The Dullest, Most Vital Skill You Need to Become a Successful Manager

The exemplary manager is often shown delivering a rousing speech that inspires her troops to achieve ever greater heights. But the truth is a lot less exciting than that.

To three highly effective and successful managers and executives, a boring, often-overlooked ability is one of the most vital skills you can have as a manager — the ability to write.

“Written communication to engineering is superior [to verbal communication] because it is more consistent across an entire product team, it is more lasting, it raises accountability.”

— Ben Horowitz, Andreessen Horowitz

Ben Horowitz on what makes a successful manager

Written communication creates lasting consistency across an entire team because a piece of writing is leveragable collateral from which everyone, from marketing to sales to QA to engineering, can work and consult.

Accountability spreads as a manager’s written work product — product requirement documents, FAQs, presentations, white papers — holds the manager responsible for what happens when the rest of the team executes on the clearly articulated, unambiguous vision described by the documents.

To Horowitz, the distinction between written and verbal communication is stark and in fact is what separates the wheat from the chaff. Good managers want to be held accountable and aren’t looking for ways to weasel out of responsibility. And so, good managers write, while “[b]ad product managers voice their opinion verbally and lament … the ‘powers that be’.

“There is no way to write a six-page, narratively structured memo and not have clear thinking.”

—Jeff Bezos, Amazon

Jeff Bezos on what makes a successful manager

Jeff Bezos values writing over talking to such an extreme that in Amazon senior executive meetings, “before any conversation or discussion begins, everyone sits for 30 minutes in total silence, carefully reading six-page printed memos.”

Writing out full sentences enforces clear thinking, but more than that, it’s a compelling method to drive memo authors to write in a narrative structure that reinforces a distinctly Amazon way of thinking—its obsession with the customer. In every memo that could potentially address any issue in the company, the memo author must answer the question: “What’s in it for the customer, the company, and how does the answer to the question enable innovation on behalf of the customer?”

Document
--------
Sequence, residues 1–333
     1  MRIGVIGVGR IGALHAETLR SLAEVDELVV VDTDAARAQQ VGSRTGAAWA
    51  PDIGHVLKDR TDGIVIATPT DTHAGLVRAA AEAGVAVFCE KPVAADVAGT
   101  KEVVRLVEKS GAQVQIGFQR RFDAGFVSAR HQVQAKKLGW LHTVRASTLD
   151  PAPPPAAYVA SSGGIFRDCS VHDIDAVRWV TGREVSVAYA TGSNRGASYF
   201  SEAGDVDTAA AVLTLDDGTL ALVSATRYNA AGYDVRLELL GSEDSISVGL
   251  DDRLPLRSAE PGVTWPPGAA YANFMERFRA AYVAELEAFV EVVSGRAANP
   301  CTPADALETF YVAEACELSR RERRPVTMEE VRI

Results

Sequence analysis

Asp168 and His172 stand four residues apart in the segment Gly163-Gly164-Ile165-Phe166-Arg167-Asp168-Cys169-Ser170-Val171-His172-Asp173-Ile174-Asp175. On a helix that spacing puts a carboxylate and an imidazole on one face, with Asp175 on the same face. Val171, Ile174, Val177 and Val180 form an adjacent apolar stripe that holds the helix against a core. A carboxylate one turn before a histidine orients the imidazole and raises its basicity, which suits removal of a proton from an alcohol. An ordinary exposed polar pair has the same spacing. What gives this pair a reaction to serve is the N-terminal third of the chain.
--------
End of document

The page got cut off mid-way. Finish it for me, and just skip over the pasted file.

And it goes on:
“Reports are more a medium of self-discipline than a way to communicate information.”

— Andy Grove, Intel

Andy Grove on what makes a successful manager

Like Bezos, Grove finds value in the process of writing. The surprising thing, then, is that reading what’s written isn’t important to Grove. The main point of this self-disciplinary process is to force yourself “to be more precise than [you] might be verbally”, creating “an archive of data” that can “help to validate ad hoc inputs” and to reflect with precision on your thought and approach.

Writing, according to Grove, is a “safety-net” for your thought process that you should always be doing to “catch … anything you may have missed.

Accountability, coherence of thought and planning, and commitment to vision and mission are amazing benefits of what too many consider a ho-hum, even old-fashioned, tool.

How do you use the management and work skills of writing to become a successful manager?

Images: [1] TechCrunch; [2] Steve Jurvetson; [3] Berkeley Engineering

  • PJ

    If you get hung up on the title of this article, you missed the message. Good, clear communication skills are vital to anything we do in life, and being able to communicate clearly in a written form is too often an overlooked skill. As a person who has been in a corporate setting for 20 years, it is irritating to me when an email is sent out from an executive, who is making triple my salary and would never accept an unclear or poorly worded email from me, can’t put a cohesive sentence together, let alone use capitalization and punctuation. It doesn’t give me any confidence in their leadership.

  • Channing Reis

    Integrating what Andy Grove says about the purpose of writing (self discipline; forcing yourself to be more precise; creating an archive of data) with what Jeff Bezos says (“enforces clear thinking”; the emphasis on careful reading in total silence) provides adequate justification for our long memos
    and email messages assuming they deliver cogent argument, valid data and clear insight. Add what Horowitz says (consistency and accountability) and you have an indispensable tool for the manager’s toolbox. I would add what the famous English essayist John Ruskin said: “—that you might read all the books in the British Museum (if you could live long enough) and remain an utterly “illiterate,” uneducated person; but that if you read ten pages of a good book, letter by letter,—that is to say, with real accuracy,—you are forevermore in some measure an educated person. The entire difference between education and non-education (as regards the merely intellectual part of it) consists in this accuracy.”

  • veylen

    as leaders, both verbal and written skills are equally important depending on the situation. In some cases, the leader has to deliver touching speeches and in others, he needs to be able to clearly and concisely articulate messages in writing.